Stronger Aussie and New Zealand Dollars

May 9, 2013

Rises of 0.9% in the kiwi and 0.6% in the Australian dollars versus the greenback were inspired by better than expected labor statistics in those economies.

  • Australian employment jumped 50.1K in April, easily reversing a 31.2K decline in March and forecasts of a 12-15K recovery.  The Aussie unemployment rate eased back to 5.5%, and labor participation rose to 65.3% from 65.1%.
  • New Zealand unemployment fell 0.6 percentage points to 6.2% in the first quarter, and jobs rose 38K or 1.7% above their 4Q12 level.

The U.S. dollar also eased 0.2% against the yen, yuan, and sterling but firmed 0.1% versus the euro, Swissie and loonie.

Several markets were shut for Ascension Day such as Indonesia.  The Japanese Nikkei fell 0.7%, and European share prices are lower.  Stocks fell 0.6% in China but rose 1.2% in South Korea, aided by an unexpected central bank rate cut.

The 10-year German bund and British gilt yields dipped a basis point, while the 10-year Japanese JGB remained steady.  Results of Spain’s sovereign debt auctions today were decent.  The ECB Bulletin rehashed what Pdt Draghi had told reporters at last week’s press conference.

Oil and gold prices are 0.5% and 0.3% softer at $96.18 per barrel and $1469.40 per ounce.

The Bank of Korea’s seven-day repo rate was cut by 25 basis points to 2.5%.  This was the first easing since similarly sized reductions implemented in July and October of 2012 and is being perceived as a response to won appreciation against the yen.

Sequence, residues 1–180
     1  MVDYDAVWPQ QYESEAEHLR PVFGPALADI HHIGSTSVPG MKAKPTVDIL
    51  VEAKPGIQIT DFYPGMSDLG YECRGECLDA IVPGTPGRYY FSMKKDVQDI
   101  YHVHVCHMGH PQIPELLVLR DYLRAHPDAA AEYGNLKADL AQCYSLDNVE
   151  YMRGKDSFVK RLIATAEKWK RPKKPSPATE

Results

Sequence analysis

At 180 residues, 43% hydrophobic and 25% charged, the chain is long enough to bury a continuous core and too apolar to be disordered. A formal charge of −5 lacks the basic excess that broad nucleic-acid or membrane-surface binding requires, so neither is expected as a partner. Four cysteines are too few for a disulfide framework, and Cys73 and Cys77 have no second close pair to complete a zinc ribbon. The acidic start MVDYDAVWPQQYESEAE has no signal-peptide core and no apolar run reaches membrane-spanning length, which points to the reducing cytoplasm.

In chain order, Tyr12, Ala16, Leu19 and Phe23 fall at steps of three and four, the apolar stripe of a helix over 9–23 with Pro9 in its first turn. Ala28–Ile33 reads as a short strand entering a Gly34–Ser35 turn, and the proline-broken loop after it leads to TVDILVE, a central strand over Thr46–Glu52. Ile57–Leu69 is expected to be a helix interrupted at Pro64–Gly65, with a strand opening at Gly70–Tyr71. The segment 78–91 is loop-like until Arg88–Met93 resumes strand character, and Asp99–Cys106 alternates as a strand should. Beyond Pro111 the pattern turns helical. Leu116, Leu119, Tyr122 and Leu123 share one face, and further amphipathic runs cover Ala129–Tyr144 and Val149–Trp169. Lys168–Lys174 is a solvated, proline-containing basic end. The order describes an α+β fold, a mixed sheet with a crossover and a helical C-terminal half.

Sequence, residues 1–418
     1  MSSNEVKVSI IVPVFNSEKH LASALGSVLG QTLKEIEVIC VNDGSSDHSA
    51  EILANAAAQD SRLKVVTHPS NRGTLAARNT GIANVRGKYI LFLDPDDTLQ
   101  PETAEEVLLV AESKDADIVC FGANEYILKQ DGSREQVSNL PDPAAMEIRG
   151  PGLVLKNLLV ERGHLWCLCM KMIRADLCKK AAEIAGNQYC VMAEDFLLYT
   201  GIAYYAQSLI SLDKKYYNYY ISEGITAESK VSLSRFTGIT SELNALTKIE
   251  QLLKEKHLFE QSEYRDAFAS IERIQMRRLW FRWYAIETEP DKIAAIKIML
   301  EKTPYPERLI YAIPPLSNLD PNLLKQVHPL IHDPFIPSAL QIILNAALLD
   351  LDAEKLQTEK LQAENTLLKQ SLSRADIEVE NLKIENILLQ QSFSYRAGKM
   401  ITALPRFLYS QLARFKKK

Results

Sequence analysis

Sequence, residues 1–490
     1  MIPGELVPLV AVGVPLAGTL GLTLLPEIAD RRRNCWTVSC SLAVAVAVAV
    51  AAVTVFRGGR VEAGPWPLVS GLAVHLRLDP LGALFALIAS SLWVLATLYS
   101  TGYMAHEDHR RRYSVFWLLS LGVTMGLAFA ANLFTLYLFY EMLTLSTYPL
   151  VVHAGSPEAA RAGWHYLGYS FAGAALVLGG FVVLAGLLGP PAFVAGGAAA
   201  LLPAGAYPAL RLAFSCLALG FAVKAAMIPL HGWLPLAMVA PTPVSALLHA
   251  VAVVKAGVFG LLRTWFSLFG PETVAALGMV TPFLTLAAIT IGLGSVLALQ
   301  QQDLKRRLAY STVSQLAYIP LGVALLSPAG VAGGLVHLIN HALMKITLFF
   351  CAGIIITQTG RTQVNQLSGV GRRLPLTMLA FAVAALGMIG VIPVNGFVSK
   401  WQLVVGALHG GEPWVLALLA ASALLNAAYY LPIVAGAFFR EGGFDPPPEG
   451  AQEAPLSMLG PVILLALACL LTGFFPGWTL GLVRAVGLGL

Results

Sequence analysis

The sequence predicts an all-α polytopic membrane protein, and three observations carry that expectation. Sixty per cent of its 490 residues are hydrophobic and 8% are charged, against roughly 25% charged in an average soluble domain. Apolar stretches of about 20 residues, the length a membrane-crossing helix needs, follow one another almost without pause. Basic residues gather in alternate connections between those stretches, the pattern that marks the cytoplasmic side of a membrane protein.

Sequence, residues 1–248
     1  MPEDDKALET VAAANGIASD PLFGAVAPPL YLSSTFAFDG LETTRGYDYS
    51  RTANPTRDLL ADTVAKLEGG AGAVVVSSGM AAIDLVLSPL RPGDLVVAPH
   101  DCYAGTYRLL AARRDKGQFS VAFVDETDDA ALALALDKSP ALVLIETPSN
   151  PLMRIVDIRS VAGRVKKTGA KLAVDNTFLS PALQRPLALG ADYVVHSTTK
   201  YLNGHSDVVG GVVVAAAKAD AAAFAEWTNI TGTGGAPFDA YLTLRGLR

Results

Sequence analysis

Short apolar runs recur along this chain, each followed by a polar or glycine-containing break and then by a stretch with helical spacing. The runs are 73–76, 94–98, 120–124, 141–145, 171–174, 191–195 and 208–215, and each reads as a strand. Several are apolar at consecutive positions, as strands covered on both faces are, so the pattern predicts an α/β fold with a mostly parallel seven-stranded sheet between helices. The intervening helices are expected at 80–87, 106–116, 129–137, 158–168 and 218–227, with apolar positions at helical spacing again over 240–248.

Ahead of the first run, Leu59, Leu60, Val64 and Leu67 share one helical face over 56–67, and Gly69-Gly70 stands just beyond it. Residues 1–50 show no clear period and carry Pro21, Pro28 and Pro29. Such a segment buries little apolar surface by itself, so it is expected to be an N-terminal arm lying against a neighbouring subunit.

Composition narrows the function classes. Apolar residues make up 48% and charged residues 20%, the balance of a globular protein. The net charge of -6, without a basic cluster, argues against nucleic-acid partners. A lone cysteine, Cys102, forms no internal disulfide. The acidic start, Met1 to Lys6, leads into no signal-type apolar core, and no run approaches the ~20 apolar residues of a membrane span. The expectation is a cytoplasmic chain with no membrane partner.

Bank Negara Malaysia left Malaysia’s main central bank policy rate at 3.0% as expected, marking the twelfth straight meeting to end with unchanged policy.  Previously, four hikes of 25 bps were implemented between March 2010 and May 2011.

The Bank of England left the British Bank Rate at 0.5% and did not change the GBP 375 billion size of its asset purchase program.  The results were expected.

Chinese consumer prices rose 0.2% on month and 2.4% on year in April.  The 12-month increase was the most since December and slightly surpassed expectations, seemingly reducing the likelihood of a central bank interest rate cut in China.  Producer prices fell 2.6% in the year to April, their largest on-year decline since a drop of 2.8% between October 2011 and October 2012.

Japan’s index of leading economic indicators dipped 0.1 to a reading of 97.6 in March, but a 0.8 point rise of the index of coincident indicators surpassed expectations.  Japanese international reserves increased $3.608 billion to $1.258 trillion in April.

British industrial production rose 0.7% in March on top of a 0.9% gain in February.  But both it and factory output were 1.4% lower than in March 2012.

Spanish industrial production slid by a smaller 0.6% between March 2012 and March 2013 adjusted for the two months’ differences in the number of working days. Portuguese unemployment climbed 0.8 percentage points (ppts) on quarter to 17.7% in 1Q13, while the Greek jobless rate rose 0.3 ppts to 27.0% in February.  Czech retail sales rose 1.4% in March but remained 3.3% lower than a year earlier.

Irish CPI inflation held steady at 0.5% in April, as consumer prices recorded no change from March. 

Malaysian industrial production posted a smaller on-year drop of 0.2% in March.  South African industrial output fell 2.2% in the year to March, but business confidence in that economy recovered 2.1% according to the Sacci index.

U.S. wholesale inventories and weekly jobless insurance claims get released today.  So do Canadian home prices.

Copyright 2013, Larry Greenberg.  All rights reserved.  No secondary distribution without express permission.

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